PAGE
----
We have an invasively one sided relationship, her and I. I have on my kitchen counter a thick envelope with intimate details of her labor and delivery, of his hospital stay and discharge. She doesn’t know my name. She doesn’t know I type this with one hand as the other rubs our son’s back after his bottle, mildly terrified because I am bravely/stupidly wearing my favorite sweater. 

Our son. Her son. All of the responsibility and none of the authority.

As we feel joy at how seamlessly he fits into our family, is every moment of her existence filled with panic, anxiety, sadness? Where is her son? Is he ok? She doesn’t know.

I’ve thought about dressing him in Mommy clothes for their visits. Will she see it as my intention of honoring her place in his life? Will it sting of mockery and overcompensation? Is it wrong if he wears them while he is in my arms, being cooed at by playground strangers? (“Aw, thank you Karen! He’s a week and a half old today.”)

I put on the socks. His toes look nothing like mine.

Walk the balance beam, hold the baby, don’t slip.

foster sister

You didn’t sign up to have your heart broken, I know. You didn’t volunteer to have your space invaded and doled out to strangers. You didn’t want to halve your time and affection. You didn’t give your opinion because we didn’t ask. As we muscle our way through this transition and a thousand more I hope you know I am with you always. Hard stuff can be good stuff, too. I hope when it breaks, your heart heals bigger.

baby duck

It is incredible how much Rosalyn has to say, and how well she expresses herself when I just slow. down. and listen – when I can get on her level and speak her language. Today I said yes to (almost) everything she asked. We went for a walk and practiced riding her tricycle. We drew colorful shapes outside with chalk. She got chocolate almond milk instead of regular unsweetened. We played with her penguin coin bank and funfetti playdough. She ate her lunch in my lap. After nap time we got chocolate chip cake pops and ran all over an indoor play place for two hours. While in the Starbucks drive thru she clapped and exclaimed, “Mommy, I am so excited!”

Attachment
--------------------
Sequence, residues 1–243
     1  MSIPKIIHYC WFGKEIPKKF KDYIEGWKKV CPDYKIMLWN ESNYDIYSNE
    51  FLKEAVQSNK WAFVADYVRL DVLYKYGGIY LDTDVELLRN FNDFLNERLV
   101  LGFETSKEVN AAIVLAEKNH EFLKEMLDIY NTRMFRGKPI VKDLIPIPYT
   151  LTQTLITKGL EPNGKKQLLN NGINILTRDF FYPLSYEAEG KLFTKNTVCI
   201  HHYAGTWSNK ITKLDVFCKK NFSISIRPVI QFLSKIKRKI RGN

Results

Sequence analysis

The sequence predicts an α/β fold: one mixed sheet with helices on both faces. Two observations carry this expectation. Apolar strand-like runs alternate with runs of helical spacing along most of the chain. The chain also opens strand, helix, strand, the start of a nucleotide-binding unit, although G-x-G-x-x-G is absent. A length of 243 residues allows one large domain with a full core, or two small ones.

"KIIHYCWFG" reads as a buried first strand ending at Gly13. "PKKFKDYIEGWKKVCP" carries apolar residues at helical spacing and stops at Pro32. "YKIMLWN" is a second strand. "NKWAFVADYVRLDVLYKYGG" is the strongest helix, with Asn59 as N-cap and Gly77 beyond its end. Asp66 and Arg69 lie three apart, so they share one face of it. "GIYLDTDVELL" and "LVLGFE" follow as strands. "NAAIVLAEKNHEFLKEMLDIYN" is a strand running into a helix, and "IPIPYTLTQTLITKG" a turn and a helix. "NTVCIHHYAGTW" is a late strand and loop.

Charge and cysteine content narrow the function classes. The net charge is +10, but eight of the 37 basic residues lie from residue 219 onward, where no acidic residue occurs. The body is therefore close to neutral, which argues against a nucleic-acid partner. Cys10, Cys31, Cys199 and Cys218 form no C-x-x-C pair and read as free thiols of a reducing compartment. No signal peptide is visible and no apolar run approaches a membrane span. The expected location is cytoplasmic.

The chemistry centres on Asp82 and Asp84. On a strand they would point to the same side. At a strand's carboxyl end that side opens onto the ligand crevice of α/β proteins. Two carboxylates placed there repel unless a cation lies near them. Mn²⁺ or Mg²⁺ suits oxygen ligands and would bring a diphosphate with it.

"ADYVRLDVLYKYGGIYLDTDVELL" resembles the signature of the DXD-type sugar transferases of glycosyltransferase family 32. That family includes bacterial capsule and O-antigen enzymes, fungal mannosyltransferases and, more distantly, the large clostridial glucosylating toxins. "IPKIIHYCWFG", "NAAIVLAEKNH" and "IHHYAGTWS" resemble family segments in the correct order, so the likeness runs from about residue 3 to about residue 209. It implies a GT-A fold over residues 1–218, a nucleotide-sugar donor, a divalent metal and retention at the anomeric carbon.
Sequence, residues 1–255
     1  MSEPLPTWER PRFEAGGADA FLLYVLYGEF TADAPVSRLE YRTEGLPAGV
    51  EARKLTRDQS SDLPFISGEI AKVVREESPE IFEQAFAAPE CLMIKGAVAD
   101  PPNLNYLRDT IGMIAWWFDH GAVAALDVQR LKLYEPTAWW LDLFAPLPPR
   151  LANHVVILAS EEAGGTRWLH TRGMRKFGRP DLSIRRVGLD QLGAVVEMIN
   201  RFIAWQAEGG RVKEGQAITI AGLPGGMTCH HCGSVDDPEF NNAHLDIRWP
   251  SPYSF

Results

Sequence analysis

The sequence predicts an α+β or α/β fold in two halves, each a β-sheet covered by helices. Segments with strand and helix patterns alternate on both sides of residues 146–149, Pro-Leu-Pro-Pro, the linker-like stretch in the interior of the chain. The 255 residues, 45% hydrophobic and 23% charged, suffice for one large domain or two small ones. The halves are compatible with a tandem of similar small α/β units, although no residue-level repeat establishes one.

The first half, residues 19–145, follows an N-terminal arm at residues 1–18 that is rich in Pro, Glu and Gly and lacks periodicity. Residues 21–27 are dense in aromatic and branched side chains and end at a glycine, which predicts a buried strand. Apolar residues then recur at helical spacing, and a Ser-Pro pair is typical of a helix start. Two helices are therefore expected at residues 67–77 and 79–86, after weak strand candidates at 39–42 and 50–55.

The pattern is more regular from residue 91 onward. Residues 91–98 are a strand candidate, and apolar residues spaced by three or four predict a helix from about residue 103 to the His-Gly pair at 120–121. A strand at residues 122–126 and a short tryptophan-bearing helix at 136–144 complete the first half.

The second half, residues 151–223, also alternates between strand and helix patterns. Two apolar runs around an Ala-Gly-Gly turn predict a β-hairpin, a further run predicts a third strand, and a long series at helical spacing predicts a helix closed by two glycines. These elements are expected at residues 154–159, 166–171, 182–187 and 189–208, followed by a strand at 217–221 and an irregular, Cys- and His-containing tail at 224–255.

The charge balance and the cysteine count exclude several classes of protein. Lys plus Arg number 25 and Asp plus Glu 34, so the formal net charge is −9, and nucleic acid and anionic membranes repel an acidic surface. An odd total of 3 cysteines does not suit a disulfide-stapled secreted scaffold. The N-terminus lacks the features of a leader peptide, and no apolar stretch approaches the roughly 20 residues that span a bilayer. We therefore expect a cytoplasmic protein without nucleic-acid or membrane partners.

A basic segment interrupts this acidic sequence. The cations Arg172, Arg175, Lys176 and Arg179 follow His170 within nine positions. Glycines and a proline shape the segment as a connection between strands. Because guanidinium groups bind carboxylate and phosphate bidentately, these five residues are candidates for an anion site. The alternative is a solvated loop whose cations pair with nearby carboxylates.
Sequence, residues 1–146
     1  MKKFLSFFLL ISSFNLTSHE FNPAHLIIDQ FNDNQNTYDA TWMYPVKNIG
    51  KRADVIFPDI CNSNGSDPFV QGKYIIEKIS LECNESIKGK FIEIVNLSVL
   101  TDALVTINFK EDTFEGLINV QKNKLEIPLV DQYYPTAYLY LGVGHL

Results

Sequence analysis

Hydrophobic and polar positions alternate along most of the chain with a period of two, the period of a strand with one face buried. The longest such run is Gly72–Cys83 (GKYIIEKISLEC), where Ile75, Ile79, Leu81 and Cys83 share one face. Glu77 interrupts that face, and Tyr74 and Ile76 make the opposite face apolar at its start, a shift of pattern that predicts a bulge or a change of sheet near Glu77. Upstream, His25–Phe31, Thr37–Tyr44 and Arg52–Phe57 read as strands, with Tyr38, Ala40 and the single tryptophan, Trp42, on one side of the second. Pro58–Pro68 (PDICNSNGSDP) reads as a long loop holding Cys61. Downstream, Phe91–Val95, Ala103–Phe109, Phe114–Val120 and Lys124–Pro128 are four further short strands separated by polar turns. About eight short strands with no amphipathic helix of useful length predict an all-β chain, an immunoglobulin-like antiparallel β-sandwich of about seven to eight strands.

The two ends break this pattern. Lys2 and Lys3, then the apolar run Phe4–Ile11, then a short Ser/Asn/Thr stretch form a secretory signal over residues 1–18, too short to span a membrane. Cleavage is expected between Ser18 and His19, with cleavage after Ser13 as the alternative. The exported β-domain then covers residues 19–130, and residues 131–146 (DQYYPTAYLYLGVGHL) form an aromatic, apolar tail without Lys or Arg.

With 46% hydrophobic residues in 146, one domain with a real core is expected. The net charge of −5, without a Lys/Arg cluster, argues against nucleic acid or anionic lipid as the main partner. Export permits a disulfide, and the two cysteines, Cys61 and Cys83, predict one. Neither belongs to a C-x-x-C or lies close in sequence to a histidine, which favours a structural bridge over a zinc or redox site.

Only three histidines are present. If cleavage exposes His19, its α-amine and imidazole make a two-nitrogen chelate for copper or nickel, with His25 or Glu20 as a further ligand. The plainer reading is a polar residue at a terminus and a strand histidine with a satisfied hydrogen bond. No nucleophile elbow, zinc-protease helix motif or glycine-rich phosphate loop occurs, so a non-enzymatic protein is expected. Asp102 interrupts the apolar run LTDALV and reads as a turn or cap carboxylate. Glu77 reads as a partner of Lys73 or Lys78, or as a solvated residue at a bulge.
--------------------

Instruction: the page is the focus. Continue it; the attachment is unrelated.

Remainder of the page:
Our house has been hectic the last two months as we work to get certified for foster care. It’s taking its toll on all of us, including or maybe even especially Rosalyn. Her eating, sleeping, digestion – it’s all out of wack. She’s a little extra sensitive and grumpy, though being two and a half it’s difficult to discern what’s age or circumstance. An entirely new development for her is the way she clings to me when we enter a new place or see new people. She’s always been a quiet observer before launching into insatiable energy and volume levels. But now she’s made a safe space tucked behind my legs and burrowed between my neck and shoulder. Her house is changing, her parents are shushing her while having Serious Conversations, the air is thrumming with nervous-happy-anxious energy, and (it bears repeating) she’s two and a half years old. It’s so much, it’s all so much. I worry with the deep guilt of a tired mother if I didn’t consider her needs enough before making this enormous, invasive, heavy choice for our lives. Should we have waited? Shoulds are suffocating.

Today, I said yes without hesitation.

“Will you play with me?” Yes, darling. “You play with me! We play! We do it together!” Her eyes lit up like Christmas and it is a joy burned into my chest.

I followed her exact instructions while molding the playdough. We made three ducks. We made a blanket. She tucked them into bed and named them. “Mommy duck. Daddy duck. Baby duck. They snuggle.” She looked down at them and cradled dimpled toddler hands to her cheeks. “Ohhh they’re so sweet, Mommy!” We fed them carrots and veggie burgers. They exchanged kisses and hugs. She had me make a fourth duck. “Mommy duck. Daddy duck. Baby duck. Baby duck.” They all snuggled again. 

I’m not sleeping or eating well these days, either. As she wakes through the night and refuses to eat dinner and screams until her face is dark I just want to curl up and cry. What do you need from me? Ok. I hear you. I’m so sorry. I’m here.

We can’t have cake pops and trampolines every time she feels upset. And the number of times I have to divide my attention is just going to grow, exponentially. But maybe we can have yes days – and yes minutes. You and me, kid. We do it together.